Used 2006 BMW X3 Review

Edmunds expert review

Looking for a small SUV that performs like a sport sedan? The 2006 BMW X3 shouldn't disappoint, so long as you don't mind its big price tag and unusually firm ride.

What's new for 2006

For 2006, BMW has discontinued the base 2.5i model.

Vehicle overview

Based on the previous-generation 3 Series sedan, the BMW X3 is a downsized version of the X5 that promises similar levels of sportiness and utility. It has a high seating position, all-weather traction and just enough sharp edges to give it a look all its own. Add in plenty of bulletproof hardware from the 3 Series lineup, and indeed the X3 has all the makings of a very popular compact luxury SUV.

The BMW X3 features a full-time all-wheel-drive system dubbed xDrive. With the ability to detect slippage and redirect power to the wheels with the most traction, this system gives the compact BMW SUV outstanding handling in both wet and dry situations. In addition to all-weather capability, the X3 features a commanding view from the driver seat along with ample passenger and cargo room. Numerous storage spaces are sprinkled throughout the interior for added versatility, and the X3 can accommodate multiple mountain bikes, according to BMW. Like its 3 Series cousins, the X3 sports a stylish interior highlighted by large analog gauges and high-quality switchgear.

Unfortunately, not all of the materials used in the cabin meet premium standards set by the 3 Series, so those expecting an upscale environment may be disappointed. The BMW X3 is one of the few compact sport-utilities with a luxury-brand nameplate. Although we hesitate to recommend that anyone spend close to $40,000 on a small SUV, the X3's package of style, performance and day-to-day functionality could be compelling for shoppers who want a 3 Series sedan but need more cabin space and utility. It's certainly not a traditional SUV by any means, but if you like the way the 2006 BMW X3 looks on paper, you're most certainly going to like the feeling behind the wheel.

Trim levels & features

The BMW X3 is a compact five-passenger SUV that comes in one trim level, the 3.0i. Standard features include 17-inch alloy wheels, automatic climate control, leatherette (vinyl, that is) upholstery, full power accessories, automatic headlights, heated mirrors, a CD player and keyless entry. BMW offers three main option packages: Premium, Sport and Cold Weather. The Premium Package is highlighted by leather upholstery and an auto-dimming rearview mirror, while the Sport Package includes a sport-tuned suspension, 18-inch alloy wheels with performance tires and sport seats. The Cold Weather Package combats snowy climates with heated front seats and heated washer jets. Other popular options include a DVD-based navigation system, adaptive HID headlights and rear parking sensors.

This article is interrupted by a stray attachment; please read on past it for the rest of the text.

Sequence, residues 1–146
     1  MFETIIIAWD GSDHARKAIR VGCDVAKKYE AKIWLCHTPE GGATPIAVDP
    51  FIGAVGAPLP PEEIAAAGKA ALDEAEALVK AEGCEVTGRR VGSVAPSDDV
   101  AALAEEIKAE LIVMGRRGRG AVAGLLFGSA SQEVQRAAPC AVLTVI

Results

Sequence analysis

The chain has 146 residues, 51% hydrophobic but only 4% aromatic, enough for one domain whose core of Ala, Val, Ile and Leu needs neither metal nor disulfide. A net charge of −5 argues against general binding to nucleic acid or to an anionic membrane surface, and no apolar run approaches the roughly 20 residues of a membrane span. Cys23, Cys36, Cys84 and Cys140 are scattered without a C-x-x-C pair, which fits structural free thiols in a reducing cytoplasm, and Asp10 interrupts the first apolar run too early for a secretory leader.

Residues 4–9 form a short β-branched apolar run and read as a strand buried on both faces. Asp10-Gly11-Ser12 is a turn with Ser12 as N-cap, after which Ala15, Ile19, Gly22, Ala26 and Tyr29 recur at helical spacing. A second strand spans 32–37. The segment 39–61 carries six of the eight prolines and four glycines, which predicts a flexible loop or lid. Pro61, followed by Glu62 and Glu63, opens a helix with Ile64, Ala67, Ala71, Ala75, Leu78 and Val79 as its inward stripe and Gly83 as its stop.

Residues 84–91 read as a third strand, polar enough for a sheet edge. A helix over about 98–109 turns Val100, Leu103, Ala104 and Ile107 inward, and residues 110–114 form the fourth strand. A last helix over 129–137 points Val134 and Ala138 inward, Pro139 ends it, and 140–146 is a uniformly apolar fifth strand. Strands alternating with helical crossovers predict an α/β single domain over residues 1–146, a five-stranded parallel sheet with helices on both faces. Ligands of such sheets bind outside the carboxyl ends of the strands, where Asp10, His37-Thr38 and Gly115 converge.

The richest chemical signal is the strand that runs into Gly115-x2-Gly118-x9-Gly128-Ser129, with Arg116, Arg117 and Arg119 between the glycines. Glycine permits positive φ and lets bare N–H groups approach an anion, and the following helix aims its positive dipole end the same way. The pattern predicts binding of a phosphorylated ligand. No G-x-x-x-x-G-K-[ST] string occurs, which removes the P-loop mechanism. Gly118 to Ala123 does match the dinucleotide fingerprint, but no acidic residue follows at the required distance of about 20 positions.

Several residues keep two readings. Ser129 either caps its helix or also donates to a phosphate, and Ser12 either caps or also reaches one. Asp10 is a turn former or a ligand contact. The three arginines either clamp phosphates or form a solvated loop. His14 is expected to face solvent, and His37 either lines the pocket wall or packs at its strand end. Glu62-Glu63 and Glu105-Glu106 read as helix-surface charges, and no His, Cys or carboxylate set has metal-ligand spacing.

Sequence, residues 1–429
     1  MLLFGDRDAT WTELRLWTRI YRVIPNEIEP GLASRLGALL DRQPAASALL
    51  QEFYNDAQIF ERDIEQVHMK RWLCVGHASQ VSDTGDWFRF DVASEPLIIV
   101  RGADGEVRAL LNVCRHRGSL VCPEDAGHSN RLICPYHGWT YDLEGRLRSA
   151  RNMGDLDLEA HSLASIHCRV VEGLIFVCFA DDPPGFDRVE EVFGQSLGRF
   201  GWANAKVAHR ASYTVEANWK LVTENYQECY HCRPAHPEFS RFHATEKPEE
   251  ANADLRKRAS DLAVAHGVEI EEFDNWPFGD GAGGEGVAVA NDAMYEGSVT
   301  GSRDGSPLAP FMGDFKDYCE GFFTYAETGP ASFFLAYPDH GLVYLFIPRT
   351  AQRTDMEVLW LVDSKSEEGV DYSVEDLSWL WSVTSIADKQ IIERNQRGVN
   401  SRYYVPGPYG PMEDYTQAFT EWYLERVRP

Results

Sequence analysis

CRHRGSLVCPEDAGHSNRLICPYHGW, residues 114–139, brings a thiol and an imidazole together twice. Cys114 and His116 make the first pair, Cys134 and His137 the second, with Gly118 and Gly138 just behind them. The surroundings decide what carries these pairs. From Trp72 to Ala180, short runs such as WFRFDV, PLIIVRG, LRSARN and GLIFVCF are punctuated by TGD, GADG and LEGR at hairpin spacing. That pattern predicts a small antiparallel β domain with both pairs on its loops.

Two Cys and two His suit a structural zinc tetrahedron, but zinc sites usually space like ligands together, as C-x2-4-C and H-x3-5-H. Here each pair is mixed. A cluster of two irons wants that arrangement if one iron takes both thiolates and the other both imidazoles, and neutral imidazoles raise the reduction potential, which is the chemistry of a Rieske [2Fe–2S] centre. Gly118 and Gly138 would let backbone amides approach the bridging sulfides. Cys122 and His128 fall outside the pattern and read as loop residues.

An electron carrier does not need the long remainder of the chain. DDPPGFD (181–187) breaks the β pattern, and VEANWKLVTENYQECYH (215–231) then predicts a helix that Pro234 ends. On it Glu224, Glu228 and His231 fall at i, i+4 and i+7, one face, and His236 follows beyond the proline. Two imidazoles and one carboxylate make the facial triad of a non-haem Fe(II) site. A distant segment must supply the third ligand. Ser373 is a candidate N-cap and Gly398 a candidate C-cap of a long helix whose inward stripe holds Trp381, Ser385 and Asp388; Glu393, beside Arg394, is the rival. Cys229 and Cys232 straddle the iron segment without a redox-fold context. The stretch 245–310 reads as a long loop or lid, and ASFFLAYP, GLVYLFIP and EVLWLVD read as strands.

Performance & mpg

The X3 gains motivation through a 3.0-liter inline six-cylinder engine that generates 225 hp and 214 lb-ft of torque. A six-speed manual transmission is standard, while a five-speed Steptronic automatic is optional. Also standard is an all-wheel-drive system dubbed xDrive that automatically distributes power to the wheels with the most traction for optimum performance in all conditions.


The BMW X3 features standard four-wheel antilock disc brakes, stability control, Hill Descent Control (HDC) and a full complement of front, side and side curtain airbags. Torso-protecting side airbags for rear passengers are optional.


It may look like an SUV but it sure doesn't drive like one. Much like its bigger brother, the BMW X3 feels more like a sporty sedan behind the wheel than a lumbering off-road machine. Typically precise steering combined with a tightly controlled suspension and perfect traction results in a BMW SUV that gives up little in the way of driving dynamics. The downside to this is that the ride quality can be overly stiff, especially on vehicles equipped with the Sport Package. However, if you're looking for the closest thing to a sports car with a high seating position, the 2006 BMW X3 is your vehicle.


The X3's interior is instantly recognizable as a BMW. Large analog gauges greet the driver, and the supportive seats provide a commanding view of the road. The audio and climate controls are more complex than we would like, but the overall look is very clean and uncluttered. Unfortunately, not all of the materials are up to the premium standards set by the 3 Series, giving the BMW X3 a more economy-grade feel than its price tag would indicate. The X3 offers 33 cubic feet of cargo capacity behind its 60/40-split rear seat. Lower the seat and BMW's compact SUV provides 71 cubic feet of space, slightly more than the midsize X5. Adjustable tie-down points in the cargo bay make it easy to secure your load.

Edmunds expert review process

This review was written by a member of Edmunds' editorial team of expert car reviewers. Our team drives every car you can buy. We put the vehicles through rigorous testing, evaluating how they drive and comparing them in detail to their competitors.

We're also regular people like you, so we pay attention to all the different ways people use their cars every day. We want to know if there's enough room for our families and our weekend gear and whether or not our favorite drink fits in the cupholder. Our editors want to help you make the best decision on a car that fits your life.